Like them or not, tattoos and piercings have entered the mainstream as a fashion phenomenon.
Children can spot them on celebrities, sports heroes, their baby sitters and baristas, so it is no surprise that teenagers might start thinking about making their own personal statement through ink or piercing.
Before they make that decision, young people are encouraged to talk with their doctor to review the possible consequences and potential risks associated with permanent tattoos, piercings and other body modifications.
That recommendation comes from the American Academy of Pediatrics, which published its first clinical report on tattoos in September.
Pediatricians recognized the popularity of body art and the need for doctors -- and their patients -- to understand the health and social ramifications.
"Tattooing is much more accepted than it was 15 to 20 years ago," said Dr. Cora C. Breuner, an adolescent medicine specialist and chair of the AAP Committee on Adolescence, and the lead author of the AAP report. "These services have come a long way, safety-wise, but it's best to proceed with caution."
When counseling teens, Dr. Breuner urges her patients to do some research, to think hard about why they want a tattoo, and where on their body they want it.
While societal acceptance of tattoos and piercings has increased, there may still be repercussions. In a 2014 survey, 76 percent of 2,700 people interviewed said they believed that a tattoo or piercing had hurt their chances of getting a job.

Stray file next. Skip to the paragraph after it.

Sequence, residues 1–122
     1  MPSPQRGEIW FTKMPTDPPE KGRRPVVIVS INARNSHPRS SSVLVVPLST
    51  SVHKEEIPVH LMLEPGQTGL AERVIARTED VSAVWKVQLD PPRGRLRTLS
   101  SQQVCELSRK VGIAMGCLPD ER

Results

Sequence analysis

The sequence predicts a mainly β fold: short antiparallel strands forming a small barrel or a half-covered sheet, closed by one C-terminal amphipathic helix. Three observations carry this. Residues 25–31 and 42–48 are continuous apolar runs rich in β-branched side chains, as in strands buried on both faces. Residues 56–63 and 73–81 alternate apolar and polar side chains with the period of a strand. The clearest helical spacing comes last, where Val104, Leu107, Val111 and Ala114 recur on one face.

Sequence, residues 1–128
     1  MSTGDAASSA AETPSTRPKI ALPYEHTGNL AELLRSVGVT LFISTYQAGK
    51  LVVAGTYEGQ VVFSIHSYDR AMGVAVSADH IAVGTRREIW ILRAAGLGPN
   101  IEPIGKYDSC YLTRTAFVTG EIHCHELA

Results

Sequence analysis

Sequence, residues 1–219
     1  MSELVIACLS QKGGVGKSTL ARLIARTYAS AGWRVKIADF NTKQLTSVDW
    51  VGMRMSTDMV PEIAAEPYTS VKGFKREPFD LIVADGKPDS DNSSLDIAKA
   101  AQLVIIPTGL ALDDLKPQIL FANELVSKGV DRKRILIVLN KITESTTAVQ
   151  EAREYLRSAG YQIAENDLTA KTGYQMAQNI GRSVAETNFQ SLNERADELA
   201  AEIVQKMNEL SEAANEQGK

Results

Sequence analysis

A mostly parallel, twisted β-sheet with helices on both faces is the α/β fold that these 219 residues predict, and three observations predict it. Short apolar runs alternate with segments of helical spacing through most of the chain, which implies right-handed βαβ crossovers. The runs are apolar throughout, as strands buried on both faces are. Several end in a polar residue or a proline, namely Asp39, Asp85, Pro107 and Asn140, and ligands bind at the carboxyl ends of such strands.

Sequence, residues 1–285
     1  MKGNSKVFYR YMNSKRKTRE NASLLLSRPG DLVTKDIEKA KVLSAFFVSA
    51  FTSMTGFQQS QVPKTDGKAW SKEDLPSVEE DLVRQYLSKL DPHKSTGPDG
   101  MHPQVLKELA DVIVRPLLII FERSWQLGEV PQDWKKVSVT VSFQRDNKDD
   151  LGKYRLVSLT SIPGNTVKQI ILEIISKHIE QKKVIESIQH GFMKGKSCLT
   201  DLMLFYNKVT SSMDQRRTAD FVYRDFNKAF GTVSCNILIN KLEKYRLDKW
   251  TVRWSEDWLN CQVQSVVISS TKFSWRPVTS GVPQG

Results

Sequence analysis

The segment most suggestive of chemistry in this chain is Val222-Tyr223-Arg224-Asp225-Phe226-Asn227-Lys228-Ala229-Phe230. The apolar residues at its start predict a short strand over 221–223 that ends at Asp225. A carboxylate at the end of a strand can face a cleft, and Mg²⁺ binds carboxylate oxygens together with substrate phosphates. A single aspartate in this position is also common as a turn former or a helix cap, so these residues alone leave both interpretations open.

Each state's tattooing laws vary, but at least 45 states have laws prohibiting minors from getting tattoos, including Illinois. Thirty-eight states have laws that prohibit both body piercing and tattooing on minors without parental permission. In Illinois, minors can get a piercing with written permission from a parent or legal guardian.
The AAP recommends:
• If you are considering a tattoo, make sure all of your immunizations are up-to-date, and that you are not taking any medication that compromises your immunity.
• Before getting a tattoo or piercing, make sure the salon is sterile, clean and reputable. The facility should be regulated by the state and provide clients with information on how to care for the area that has been tattooed or pierced afterward. The facility should practice infection control just like at the doctor's office.
The AAP also recommends teens talk with their parents before getting a tattoo or piercing.
"In most cases, teens just enjoy the look of the tattoo or piercing, but we do advise them to talk any decision over with their parents or another adult first," said Dr. David Levine, a co-author of the AAP report. "They may not realize how expensive it is to remove a tattoo, or how a piercing on your tongue might result in a chipped tooth."
Laser removal of tattoos can range from $49 to $300 per square inch of treatment area.
AAP offers additional resources for parents on its website, HealthyChildren.org.
For information on talking about tattoos with teenagers, go to www.healthychildren.org/English/ages-stages/teen/Pages/Tattoos.aspx.
For information on body piercings, teens and potential health risks, go to: https://www.healthychildren.org/English/ages-stages/teen/Pages/body-piercings.aspx.
• Children's health is a continuing series. This week's article is courtesy of the American Academy of Pediatrics in elk Grove Village. For more information, visit www.healthy children.org.